House of Care provides resources for people in need
By St. Clair Murraine
Outlook staff writer
When Monica Murray Lightfoot showed up at her storefront church and found a family sitting outside, she wasn’t too surprised.
The word had gotten around that her little church was doing big things to help families in need. So when she walked up to the family of three adults and two children, it wasn’t surprising that she listened to their plight.
“They needed food,” Lightfoot said. “They needed clothes. They needed somewhere to live.”
Using every resource agency she could, Lightfoot was able to fulfill the family’s needs.
If she were keeping numbers on the amount of people she’s helped since starting her mission seven years ago the family would have been well over 1,000. Lightfoot started House of Care out of a willingness to help others.
The idea came to her after seeing people living without basic essentials in the small Gadsden County community where she lived. She started the mission, using a bedroom in her home as a storage area for goods she’d collected to give away.
Lightfoot got to that point after she’d seen enough people hurting in her community.
“I would just cry, cry, cry when I see them,” she said. “It finally dawned on me that there is something I have to do about it.”
The House of Care concept has grown to the point that it is now located in a strip mall off Crawfordville Highway near the intersection of Capital Circle. Apart from Sunday services, traffic is busy inside.
It’s where Lightfoot and a corps of volunteers hosted Thanksgiving dinners. People also showed up to be outfitted for job interviews from the clothes pantry in the building.
Lately, House of Care has been assisting people who find themselves in a pinch because of the pandemic.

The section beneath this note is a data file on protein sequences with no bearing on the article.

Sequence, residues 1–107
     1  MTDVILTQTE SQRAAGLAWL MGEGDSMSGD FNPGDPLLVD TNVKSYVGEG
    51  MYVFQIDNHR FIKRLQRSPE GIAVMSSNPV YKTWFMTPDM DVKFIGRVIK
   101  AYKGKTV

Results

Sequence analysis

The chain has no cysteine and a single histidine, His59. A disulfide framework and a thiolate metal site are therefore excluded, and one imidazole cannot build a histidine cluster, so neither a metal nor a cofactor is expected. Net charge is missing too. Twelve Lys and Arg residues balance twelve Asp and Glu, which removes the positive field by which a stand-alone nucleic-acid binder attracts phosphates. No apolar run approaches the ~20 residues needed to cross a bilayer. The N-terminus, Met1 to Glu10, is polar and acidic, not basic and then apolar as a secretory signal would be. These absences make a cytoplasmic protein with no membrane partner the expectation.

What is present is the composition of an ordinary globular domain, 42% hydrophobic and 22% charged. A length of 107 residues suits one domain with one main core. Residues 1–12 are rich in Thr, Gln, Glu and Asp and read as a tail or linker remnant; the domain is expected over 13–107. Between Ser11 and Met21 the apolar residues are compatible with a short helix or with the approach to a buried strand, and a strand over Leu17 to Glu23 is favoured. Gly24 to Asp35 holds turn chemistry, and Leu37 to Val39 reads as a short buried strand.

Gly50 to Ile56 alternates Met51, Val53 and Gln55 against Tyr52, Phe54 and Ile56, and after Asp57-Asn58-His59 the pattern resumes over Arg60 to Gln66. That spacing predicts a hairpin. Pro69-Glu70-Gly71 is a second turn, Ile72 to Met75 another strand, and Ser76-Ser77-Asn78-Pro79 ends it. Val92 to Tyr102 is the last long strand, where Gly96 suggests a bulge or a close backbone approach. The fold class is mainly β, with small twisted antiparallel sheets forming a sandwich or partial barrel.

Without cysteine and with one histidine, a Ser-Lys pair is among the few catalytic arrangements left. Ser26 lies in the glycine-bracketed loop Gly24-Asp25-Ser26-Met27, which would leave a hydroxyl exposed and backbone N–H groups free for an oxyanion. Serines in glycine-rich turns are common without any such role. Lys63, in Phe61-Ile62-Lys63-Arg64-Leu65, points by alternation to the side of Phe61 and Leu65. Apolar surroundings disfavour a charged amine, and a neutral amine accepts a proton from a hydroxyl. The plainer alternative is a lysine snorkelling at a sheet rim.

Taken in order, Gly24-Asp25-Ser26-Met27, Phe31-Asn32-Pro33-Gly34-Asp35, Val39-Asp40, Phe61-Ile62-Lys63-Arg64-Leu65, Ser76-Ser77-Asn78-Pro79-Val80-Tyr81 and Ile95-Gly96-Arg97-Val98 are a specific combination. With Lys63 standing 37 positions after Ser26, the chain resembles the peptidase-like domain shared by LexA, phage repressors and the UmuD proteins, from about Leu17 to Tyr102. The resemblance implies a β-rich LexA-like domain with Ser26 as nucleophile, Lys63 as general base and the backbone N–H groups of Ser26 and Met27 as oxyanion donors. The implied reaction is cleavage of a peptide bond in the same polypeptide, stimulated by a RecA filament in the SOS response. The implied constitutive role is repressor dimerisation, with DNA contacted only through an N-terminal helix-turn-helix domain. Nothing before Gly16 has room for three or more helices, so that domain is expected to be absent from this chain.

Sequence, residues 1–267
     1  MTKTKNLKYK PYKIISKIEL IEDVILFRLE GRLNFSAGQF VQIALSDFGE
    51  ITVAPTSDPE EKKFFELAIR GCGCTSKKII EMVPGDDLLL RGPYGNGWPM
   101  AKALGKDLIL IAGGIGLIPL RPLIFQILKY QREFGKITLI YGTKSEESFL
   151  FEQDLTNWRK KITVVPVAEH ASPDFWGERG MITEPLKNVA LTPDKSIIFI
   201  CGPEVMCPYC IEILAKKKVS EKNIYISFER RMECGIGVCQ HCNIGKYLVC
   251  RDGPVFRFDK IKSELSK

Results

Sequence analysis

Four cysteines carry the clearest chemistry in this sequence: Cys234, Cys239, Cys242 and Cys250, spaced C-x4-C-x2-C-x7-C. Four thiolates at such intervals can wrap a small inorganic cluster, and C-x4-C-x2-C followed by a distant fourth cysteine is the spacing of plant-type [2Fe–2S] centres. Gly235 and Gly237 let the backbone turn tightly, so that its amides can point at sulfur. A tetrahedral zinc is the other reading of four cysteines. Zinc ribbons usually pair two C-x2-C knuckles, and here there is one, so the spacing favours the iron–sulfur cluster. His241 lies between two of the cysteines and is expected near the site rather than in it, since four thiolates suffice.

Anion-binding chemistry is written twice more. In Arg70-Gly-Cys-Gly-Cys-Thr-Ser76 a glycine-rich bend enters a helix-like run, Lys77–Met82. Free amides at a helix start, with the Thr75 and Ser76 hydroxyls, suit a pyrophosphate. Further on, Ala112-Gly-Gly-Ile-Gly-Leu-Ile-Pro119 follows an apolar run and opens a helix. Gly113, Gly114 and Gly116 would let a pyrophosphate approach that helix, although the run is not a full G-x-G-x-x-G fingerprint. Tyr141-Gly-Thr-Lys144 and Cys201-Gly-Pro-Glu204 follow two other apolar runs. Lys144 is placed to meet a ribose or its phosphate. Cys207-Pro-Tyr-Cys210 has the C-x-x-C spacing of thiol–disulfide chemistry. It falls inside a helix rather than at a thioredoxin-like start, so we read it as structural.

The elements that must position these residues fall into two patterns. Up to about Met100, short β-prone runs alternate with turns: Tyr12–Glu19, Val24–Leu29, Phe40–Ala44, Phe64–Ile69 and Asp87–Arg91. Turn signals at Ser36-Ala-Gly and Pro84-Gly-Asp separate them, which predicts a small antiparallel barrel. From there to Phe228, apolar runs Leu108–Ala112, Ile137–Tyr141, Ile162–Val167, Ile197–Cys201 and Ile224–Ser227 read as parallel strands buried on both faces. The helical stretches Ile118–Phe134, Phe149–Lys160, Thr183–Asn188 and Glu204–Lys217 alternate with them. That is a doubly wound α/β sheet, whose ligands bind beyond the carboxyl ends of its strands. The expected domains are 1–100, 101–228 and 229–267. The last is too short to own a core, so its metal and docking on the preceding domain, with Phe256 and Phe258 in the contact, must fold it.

Volunteer Corey Reed describes himself as an assistant to Lightfoot. There are many roles for those who join the volunteer mission, but there is never a shortage of help, he said.
“We have people who will get down and get dirty and will get in the mud,” Reed said. “We also have many people who don’t want to get dirty but they want to support the mission and they support the mission by dropping off clothes, food and gift certificates or anything.”
Then there are those who simply give a donation. Occasionally there are a few like one lady that Reed said apologetically gave a $15 Publix gift card, wishing she could do more.
He asked her not to feel badly, assuring her that for the person who got it “that’s $15 more than they had.”
House of Care partners with Farm Share and Second Harvest for most of the food it gives away or prepares for the holidays. The church is one of more than 1,000 food distribution partners, said Sheri Hubbard, Director of Community Relations for Second Harvest of the Big Bend.
“With different organizations helping to meet this need, we are thrilled,” Hubbard said. “There are a tremendous number of people struggling now. There are 150,000 that Second Harvest has served since (last) June here in Leon County. So if you’re talking about three meals a day these are people who don’t know where their next meal is coming from. If you measure that out, I don’t think that you can be too generous with resources at this time.”
House of Care goes beyond food and clothes. Lightfoot said her church also assist seniors who live alone with getting to doctors’ appointments and other errands. It’s something that people have come to expect, she said.
“If I go certain places they know I’m coming with food or resources,” she said, “just a face of help.”
There seems to be no stopping or turning back for Lightfoot. She insists that she on a missing mapped out by a higher power.
“I just believe that if God sends you on a mission he is going to provide,” she said. “But on the physical side; the more you give and help people, the more people are going to give to make sure that you can do it.”
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